Author’s note: The following is a section on the virtue of independence from chapter 6 of my book Loving Life: The Morality of Self-Interest and the Facts that Support It (Richmond: Glen Allen Press, 2002). The book is an introduction to Ayn Rand’s morality of rational egoism.

Independence “is one’s acceptance of the responsibility of forming one’s own judgments and of living by the work of one’s own mind.”1 Since we have already discussed productiveness, let us focus here on the issue of forming one’s own judgments.

To begin, consider a person who grows up in a devoutly religious family, but then, as an adult, rejects religion on the grounds that there is neither evidence for God nor rational justification for human sacrifice. Compare him to a person from the same family who never questions the religious dogma, and thus continues to “just believe” and act selflessly for the rest of his life on the grounds that: “That’s just how I was raised” or “What would people think of a selfish atheist?” The first person is relying on his own mind and his own judgment; the second is expecting others to think and judge for him. The first person is putting his own mind in first place; the second is putting the views of others in first place. The first person is an independent thinker; the second is a conformist and what Ayn Rand called a second-hander, because he places the views of others above and before his own perception of reality and the judgment of his own mind.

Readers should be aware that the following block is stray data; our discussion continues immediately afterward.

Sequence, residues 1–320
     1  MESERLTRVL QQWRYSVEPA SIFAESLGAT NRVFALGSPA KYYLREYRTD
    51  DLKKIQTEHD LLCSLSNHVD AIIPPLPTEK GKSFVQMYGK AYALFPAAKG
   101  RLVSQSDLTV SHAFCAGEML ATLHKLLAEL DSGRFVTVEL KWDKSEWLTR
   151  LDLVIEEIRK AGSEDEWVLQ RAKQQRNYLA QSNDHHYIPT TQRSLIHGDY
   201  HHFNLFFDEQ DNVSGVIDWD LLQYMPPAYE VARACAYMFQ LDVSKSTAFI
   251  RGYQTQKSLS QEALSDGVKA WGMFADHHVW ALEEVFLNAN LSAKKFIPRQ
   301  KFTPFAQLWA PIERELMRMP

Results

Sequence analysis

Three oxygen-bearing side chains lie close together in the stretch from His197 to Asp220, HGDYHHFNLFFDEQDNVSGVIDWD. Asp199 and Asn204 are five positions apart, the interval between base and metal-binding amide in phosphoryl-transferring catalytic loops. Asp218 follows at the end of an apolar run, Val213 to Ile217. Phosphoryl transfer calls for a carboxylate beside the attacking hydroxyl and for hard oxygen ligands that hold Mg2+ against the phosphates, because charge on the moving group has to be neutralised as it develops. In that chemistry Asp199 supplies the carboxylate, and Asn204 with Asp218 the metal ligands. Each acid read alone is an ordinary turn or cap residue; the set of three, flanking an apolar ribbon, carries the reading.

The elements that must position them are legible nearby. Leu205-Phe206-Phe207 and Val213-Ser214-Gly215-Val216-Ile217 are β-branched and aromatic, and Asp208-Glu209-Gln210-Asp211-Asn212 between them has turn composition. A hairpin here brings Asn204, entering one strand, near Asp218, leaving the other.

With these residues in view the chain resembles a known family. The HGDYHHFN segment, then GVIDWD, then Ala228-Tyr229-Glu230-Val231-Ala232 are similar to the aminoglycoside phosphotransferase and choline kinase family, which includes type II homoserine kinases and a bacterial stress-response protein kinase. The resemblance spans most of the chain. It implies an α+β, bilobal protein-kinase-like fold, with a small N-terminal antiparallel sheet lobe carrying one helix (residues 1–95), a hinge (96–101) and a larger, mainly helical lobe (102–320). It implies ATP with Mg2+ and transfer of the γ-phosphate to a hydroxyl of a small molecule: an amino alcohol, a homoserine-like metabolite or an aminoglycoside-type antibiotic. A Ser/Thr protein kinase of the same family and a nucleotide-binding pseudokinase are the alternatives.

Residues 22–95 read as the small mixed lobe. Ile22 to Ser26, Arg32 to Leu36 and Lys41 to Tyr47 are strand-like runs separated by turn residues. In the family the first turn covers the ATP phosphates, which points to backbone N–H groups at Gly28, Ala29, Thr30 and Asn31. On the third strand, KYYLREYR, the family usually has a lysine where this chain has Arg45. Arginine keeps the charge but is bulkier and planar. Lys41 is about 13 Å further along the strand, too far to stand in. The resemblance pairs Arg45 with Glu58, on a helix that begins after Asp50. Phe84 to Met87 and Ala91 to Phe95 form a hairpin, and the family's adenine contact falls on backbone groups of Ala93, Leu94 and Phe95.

Now, a third person might reject the existence of God and the morality of sacrifice on the grounds that they are “traditional” notions accepted by other people and because he wants to be “different” or avant-garde. But, then, he too is a second-hander: Like the conformist, he is putting the views of others in first place; however, in his case, rather than accepting ideas because others do, he rejects ideas on that basis. . . .

1. Rand, “The Objectivist Ethics,” p. 28.

2. See Peikoff, Objectivism, p. 251.

3. See Ayn Rand, “The Argument from Intimidation,” in The Virtue of Selfishness, p. 165 (social metaphysician is another, more technical term Ayn Rand used for second-hander).

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